UK News

COVID-19 antibodies are likely present in 8 of 10 young adults in the UK UK News

About 8 in 10 young adults in the UK are likely to have COVID-19 antibodies, the Press Association has reported.

New figures estimate people aged 16-24 range from 80.4% in Northern Ireland to 85.6% in Scotland, with 83.9% for Wales and 85.4% for England .

The presence of antibodies to the coronavirus suggests that someone has already had the virus or has been vaccinated.

After two to three weeks of infection or vaccination, your body is able to make enough antibodies to fight it off.

The antibodies then remain in the blood at low levels. However, these can decrease over time and eventually decrease to the point that tests can no longer detect them.

The latest figures from the Office for National Statistics (ONS) are based on a sample of blood test results for the week starting August 9.

Estimates are for people living in private households and do not include settings such as hospitals and nursing homes.

The figures suggest that antibody levels in young adults have recently increased, coinciding with the rollout of COVID-19 vaccines in younger age groups.

In England, the percentage of 16 to 24 year olds likely to have Covid-19 antibodies increased from 52.9% in the week starting June 7 to 85.4% in the week starting August 9, while estimates for 25 to 34 year olds – the elderly went from 67.8% to 96.2%.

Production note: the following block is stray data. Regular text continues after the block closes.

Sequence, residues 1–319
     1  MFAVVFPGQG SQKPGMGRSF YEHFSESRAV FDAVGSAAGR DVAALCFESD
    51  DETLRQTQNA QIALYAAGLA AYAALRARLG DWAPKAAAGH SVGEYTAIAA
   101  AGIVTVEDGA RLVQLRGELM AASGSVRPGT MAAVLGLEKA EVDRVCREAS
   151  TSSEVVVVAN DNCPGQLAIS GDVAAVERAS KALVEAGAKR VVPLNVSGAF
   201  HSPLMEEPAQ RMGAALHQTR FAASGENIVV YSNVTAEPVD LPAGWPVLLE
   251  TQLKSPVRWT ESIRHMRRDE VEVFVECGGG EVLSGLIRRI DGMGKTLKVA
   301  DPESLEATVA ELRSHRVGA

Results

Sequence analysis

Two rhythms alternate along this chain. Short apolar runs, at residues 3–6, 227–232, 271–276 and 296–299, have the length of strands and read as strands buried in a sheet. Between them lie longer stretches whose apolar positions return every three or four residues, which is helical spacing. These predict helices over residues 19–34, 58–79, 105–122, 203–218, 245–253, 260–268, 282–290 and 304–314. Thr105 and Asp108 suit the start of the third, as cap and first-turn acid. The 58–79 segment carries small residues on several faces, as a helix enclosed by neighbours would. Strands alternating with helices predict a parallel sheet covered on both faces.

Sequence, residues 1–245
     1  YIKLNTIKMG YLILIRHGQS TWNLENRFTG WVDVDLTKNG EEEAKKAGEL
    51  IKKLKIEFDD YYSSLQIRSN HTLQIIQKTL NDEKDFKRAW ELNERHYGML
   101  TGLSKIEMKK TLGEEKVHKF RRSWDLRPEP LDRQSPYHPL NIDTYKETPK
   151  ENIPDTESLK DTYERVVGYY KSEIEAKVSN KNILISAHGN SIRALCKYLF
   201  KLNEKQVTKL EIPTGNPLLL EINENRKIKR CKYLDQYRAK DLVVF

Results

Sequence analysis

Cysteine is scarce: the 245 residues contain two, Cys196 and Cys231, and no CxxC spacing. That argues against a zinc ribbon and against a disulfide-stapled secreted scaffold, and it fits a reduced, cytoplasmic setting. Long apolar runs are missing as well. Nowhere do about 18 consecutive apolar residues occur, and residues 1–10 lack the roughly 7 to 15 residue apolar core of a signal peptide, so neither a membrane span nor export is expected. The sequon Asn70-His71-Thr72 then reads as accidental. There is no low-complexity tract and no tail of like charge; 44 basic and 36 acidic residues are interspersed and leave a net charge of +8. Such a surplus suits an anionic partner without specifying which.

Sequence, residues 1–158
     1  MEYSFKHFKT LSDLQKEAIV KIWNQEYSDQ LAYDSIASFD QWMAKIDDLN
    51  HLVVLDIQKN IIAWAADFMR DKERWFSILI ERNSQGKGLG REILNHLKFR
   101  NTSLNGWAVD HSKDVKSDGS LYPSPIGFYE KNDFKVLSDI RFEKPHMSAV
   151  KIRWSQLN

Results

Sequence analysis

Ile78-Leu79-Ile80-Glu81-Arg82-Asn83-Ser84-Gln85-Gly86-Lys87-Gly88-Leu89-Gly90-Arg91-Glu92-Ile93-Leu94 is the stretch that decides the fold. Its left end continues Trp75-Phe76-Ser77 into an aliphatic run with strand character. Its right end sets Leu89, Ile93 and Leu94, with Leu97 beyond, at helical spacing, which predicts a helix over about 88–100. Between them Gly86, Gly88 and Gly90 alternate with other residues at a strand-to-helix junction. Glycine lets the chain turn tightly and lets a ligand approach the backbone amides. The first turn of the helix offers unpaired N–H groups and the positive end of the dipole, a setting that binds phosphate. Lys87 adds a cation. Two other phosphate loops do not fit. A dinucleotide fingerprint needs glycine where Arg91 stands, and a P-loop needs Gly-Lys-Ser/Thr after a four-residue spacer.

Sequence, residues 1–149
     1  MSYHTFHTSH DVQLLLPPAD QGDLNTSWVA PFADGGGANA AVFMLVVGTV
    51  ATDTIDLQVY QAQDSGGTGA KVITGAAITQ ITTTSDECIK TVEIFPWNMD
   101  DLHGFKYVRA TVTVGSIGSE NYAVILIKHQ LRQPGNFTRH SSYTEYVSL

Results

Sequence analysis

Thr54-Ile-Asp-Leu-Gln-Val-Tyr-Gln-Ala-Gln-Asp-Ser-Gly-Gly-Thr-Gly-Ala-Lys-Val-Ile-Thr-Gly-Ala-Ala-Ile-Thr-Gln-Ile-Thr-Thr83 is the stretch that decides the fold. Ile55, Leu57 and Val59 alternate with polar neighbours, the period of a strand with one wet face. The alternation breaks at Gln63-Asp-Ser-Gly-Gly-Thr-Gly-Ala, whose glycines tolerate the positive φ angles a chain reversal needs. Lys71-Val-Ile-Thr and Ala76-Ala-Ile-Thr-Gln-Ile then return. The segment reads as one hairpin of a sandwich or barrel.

Scotland saw particularly strong increases over the two-month period, with an increase from 40.7% to 85.6% for 16-24 year olds and from 59.7% to 96.2% for 25 to 34 years old.

However, those in the older age groups may be on the decline after studies show that vaccines decrease in effectiveness.

“In some regions and countries, we are starting to see a decline in the percentage of people testing positive for antibodies among the older age groups, although the rates among these age groups remain high,” said the ONS.

“Most older people who are vaccinated will retain higher antibody levels than before vaccination, but may have lower numbers of antibodies in their blood at the time of the test,” they added.

Overall, it is estimated that 94.1% of England’s adult population would likely have tested positive for COVID-19 antibodies during the week starting August 9.

For Wales the figure is 92.0%, for Scotland 93.6% and for Northern Ireland 90.4%.

The ONS said there is a clear pattern between vaccination and testing positive for Covid-19 antibodies but “detection of antibodies on its own is not an accurate measure of the immune protection given by vaccination” .

More about this article: Read More
This notice was published: 2021-09-01 12:31:59

Leave a Reply

Your email address will not be published. Required fields are marked *